Ama Kong’s elephant hunting tools

(VOVworld) – Ama Kong was called the Elephant King of the Central Highlands. He caught and tamed 298 elephants. When he died at the age of 102 in 2012, his family donated much of his hunting equipment to the Vietnam Museum of Ethnology.

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Ama Kong, the Elephant King of the Central Highlands

The collection includes more than 20 items including rattan rods that elephant keepers use to control domesticated elephants, mattresses made of bark to support the howdah, coils of buffalo-leather rope and nooses, wooden hammers, bags made of wines, and the buffalo horn of the Elephant King.     

The museum screens videos of elephant hunts of the M’nong people which show off their courage, intelligence, and skill. Director of the Vietnam Museum of Ethnology Vo Quang Trong calls the collection invaluable. "This is the first time the Museum has received a large collection donated by ethnic people in the Central Highlands. The items belonged to the famous ethnic man Ama Kong and were used in 298 elephant hunts. They represent the cultural values, customs, and lifestyle of the M’Nong."

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Coils of buffalo-leather rope have been used for more than 100 years

Ama Kong is the nickname of Y Prong Eban, the Elephant King of the Central Highlands. He gave elephants to the Kings of Thailand and Lao. He went elephant hunting with King Bao Dai. He captured a number of rare white elephants and one-tusk elephants.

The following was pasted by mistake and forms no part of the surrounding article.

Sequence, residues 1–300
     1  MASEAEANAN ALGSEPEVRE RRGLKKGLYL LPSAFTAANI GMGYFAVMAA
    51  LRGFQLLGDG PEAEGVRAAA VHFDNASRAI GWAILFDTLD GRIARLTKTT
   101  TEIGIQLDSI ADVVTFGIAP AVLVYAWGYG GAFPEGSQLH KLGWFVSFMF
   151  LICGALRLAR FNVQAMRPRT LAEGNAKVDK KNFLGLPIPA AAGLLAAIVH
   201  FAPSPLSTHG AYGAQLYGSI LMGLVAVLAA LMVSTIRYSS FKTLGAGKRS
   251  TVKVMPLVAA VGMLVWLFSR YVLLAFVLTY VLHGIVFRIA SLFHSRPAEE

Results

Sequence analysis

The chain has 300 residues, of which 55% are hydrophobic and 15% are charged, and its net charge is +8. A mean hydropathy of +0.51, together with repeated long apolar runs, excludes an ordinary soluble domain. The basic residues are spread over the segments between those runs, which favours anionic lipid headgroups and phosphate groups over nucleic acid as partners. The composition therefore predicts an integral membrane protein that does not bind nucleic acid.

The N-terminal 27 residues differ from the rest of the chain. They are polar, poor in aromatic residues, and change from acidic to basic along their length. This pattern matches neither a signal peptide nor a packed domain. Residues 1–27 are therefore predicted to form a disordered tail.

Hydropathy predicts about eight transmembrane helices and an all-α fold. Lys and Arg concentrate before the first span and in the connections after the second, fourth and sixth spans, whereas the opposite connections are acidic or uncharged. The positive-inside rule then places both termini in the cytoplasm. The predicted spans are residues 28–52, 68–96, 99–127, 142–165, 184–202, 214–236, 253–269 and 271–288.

Kham Phet Lao, Ama Kong’s 10th son, who lives in Ea Tu commune, Buon Ma Thuot city, says the hunting items are more than 100 years old. They haven’t been used since 1992, when wild animal hunting was prohibited. Kham Phet Lao said: "This is a treasure of our ancestors. We no longer use these items. We only display them in our house for visitors. My father is dead so we are giving them to the museum. If we kept them at home, our children might take some of them. The museum will preserve them for our descendants."

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The buffalo horn of the leader of the elephant hunting team

Kham Phet Lao says he still has 2 hunting tools of his ancestors in his 120-year-old stilt house in Krong Na commune, Buon Don district. These tools, which haven’t been used in a long time, are relics of the role elephants have played in the life and culture of the M’nong people and other ethnic minority groups in Vietnam’s Central Highlands.